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Researchers at the National Institutes of Health and Harvard University have found that women who consume a diet high in animal fat and cholesterol before pregnancy have an increased risk of developing gestational diabetes.
Gestational diabetes develops when pregnancy hormones block insulin from doing its job and blood glucose levels increase resulting in a glucose intolerance (diabetes) during pregnancy. Gestational diabetes if uncontrolled can lead to complications at birth and later on in life if not properly controlled. Untreated gestational diabetes increases the risk of newborn death and stillbirth. Babies born to mothers with gestational diabetes tend to be larger at birth which leads to trauma during the birth and increases the necessity of a c-section delivery. Gestational diabetes also increases the chance of developing diabetes later on in life.
Researchers studying the link between diets and gestational diabetes found that the increased risks due to a diet high in animal fat and cholesterol were not linked to other common risk factors. For example, although exercise typically helps reduce the risk of gestational diabetes, exercise did not appear to reduce the increased risk from animal fats and cholesterol.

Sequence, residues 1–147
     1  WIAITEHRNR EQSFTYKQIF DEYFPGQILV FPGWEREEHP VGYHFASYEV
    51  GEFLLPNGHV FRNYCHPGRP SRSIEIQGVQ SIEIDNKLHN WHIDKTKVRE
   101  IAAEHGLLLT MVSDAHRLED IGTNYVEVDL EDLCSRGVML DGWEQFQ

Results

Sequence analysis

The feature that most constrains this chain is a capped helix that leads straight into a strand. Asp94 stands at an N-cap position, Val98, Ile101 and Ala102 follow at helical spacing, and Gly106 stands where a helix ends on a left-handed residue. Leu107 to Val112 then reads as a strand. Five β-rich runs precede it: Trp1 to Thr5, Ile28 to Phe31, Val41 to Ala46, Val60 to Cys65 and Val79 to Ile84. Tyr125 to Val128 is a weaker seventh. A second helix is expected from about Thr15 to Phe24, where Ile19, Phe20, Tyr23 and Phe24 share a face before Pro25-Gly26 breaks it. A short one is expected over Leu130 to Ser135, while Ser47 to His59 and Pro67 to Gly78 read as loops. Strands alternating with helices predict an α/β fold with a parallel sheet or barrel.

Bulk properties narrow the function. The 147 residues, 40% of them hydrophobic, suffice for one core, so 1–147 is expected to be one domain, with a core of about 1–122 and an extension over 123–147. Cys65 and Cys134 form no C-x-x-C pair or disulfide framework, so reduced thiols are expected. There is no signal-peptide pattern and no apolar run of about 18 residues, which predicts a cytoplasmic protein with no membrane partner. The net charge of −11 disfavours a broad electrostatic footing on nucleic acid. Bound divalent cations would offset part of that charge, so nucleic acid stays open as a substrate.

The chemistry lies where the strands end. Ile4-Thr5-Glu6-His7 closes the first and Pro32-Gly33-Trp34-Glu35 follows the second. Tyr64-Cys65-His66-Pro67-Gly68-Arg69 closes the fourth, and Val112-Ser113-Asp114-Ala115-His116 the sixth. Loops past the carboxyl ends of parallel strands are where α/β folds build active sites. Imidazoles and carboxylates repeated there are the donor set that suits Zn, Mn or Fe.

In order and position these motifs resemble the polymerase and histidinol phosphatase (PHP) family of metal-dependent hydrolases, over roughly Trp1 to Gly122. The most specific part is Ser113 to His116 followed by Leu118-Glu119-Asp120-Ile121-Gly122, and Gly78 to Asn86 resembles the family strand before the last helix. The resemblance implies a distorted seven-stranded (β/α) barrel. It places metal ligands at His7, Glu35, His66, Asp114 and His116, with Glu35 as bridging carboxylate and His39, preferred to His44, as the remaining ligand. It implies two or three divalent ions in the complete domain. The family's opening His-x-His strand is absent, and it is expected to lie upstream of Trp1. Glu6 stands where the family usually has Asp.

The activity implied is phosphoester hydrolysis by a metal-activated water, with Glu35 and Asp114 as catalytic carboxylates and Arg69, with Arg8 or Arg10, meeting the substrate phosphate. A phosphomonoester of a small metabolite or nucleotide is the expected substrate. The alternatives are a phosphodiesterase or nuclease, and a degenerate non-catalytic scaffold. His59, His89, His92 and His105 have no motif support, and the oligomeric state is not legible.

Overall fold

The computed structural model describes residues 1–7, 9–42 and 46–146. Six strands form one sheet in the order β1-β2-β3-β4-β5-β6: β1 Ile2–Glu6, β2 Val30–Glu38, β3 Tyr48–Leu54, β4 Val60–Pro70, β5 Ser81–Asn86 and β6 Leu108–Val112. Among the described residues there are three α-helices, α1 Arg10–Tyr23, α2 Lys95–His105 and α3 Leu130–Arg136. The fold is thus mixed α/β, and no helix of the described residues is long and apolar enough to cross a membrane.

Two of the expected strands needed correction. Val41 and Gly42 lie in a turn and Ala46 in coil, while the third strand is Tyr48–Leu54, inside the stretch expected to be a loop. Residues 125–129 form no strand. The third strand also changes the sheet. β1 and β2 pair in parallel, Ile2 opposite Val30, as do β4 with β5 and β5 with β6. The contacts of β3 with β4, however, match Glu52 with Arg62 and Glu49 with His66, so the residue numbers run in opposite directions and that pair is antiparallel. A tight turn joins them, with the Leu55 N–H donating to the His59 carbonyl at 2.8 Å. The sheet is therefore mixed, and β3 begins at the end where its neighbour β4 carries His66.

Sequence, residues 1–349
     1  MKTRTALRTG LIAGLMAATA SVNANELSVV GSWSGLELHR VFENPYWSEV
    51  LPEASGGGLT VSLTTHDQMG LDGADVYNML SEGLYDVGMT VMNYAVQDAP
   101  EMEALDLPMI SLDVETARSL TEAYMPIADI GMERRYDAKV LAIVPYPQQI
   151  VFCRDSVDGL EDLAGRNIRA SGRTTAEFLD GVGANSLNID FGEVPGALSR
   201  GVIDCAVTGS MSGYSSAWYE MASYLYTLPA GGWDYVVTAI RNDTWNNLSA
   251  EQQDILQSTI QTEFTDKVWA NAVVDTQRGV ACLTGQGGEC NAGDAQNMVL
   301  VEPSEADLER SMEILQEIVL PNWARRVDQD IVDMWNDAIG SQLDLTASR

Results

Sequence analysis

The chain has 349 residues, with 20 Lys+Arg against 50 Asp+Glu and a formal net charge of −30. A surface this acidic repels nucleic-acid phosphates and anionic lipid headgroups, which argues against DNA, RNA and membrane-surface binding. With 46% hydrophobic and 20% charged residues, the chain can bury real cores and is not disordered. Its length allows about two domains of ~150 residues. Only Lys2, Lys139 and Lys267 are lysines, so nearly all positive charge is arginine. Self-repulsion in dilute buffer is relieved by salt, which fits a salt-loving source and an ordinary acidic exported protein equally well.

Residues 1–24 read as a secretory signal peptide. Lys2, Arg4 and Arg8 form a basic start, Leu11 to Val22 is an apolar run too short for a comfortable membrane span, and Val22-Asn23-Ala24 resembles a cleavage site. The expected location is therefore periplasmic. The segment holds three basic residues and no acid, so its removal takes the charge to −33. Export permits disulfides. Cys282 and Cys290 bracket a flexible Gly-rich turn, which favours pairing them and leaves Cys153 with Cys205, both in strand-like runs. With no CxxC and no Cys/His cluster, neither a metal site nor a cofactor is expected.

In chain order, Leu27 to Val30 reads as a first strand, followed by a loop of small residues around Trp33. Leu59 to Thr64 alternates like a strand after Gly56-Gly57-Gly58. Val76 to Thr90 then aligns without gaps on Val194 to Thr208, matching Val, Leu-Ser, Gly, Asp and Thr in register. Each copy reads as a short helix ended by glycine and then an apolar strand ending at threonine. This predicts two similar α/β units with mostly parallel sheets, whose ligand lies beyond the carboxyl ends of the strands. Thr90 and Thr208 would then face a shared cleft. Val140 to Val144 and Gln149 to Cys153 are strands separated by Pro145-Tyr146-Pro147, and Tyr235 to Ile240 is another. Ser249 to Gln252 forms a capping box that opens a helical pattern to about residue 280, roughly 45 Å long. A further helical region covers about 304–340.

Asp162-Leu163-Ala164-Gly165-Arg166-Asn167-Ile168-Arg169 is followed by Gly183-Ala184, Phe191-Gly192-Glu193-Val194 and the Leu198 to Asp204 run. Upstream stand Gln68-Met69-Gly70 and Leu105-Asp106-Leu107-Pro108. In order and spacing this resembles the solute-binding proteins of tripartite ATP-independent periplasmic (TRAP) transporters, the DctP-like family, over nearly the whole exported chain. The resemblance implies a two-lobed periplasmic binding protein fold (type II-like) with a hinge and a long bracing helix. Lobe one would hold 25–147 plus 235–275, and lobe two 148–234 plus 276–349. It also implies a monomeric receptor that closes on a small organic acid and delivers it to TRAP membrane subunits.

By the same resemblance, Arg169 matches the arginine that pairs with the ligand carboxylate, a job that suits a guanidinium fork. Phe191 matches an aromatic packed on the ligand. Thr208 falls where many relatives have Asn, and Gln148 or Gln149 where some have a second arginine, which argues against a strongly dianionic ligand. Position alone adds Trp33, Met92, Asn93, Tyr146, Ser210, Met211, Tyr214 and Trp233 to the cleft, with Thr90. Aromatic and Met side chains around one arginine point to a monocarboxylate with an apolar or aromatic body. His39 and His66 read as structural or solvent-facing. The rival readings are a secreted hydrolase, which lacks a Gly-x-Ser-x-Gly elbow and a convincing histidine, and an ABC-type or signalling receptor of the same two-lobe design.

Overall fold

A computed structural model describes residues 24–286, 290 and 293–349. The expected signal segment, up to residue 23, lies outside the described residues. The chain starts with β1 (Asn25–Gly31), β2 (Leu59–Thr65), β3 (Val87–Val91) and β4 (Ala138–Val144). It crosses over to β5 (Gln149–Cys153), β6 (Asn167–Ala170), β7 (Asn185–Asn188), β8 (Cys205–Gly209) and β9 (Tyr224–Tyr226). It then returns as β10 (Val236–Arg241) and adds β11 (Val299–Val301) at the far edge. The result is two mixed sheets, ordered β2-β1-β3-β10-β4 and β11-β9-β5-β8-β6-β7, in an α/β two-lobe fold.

Conclusions from the study stated that "changing the source of 5 percent of dietary calories from animal fat to plant-derived sources could decrease a woman's risk for gestational diabetes by 7 percent." Senior research author Cuilin Zhang, M.D., M.P.H., Ph.D. stated, "Our findings indicate that women who reduce the proportion of animal fat and cholesterol in their diets before pregnancy may lower their risk for gestational diabetes during pregnancy."
Read the full story at: http://www.nichd.nih.gov/news/releases/012512-gestational-diabetes-risk.cfm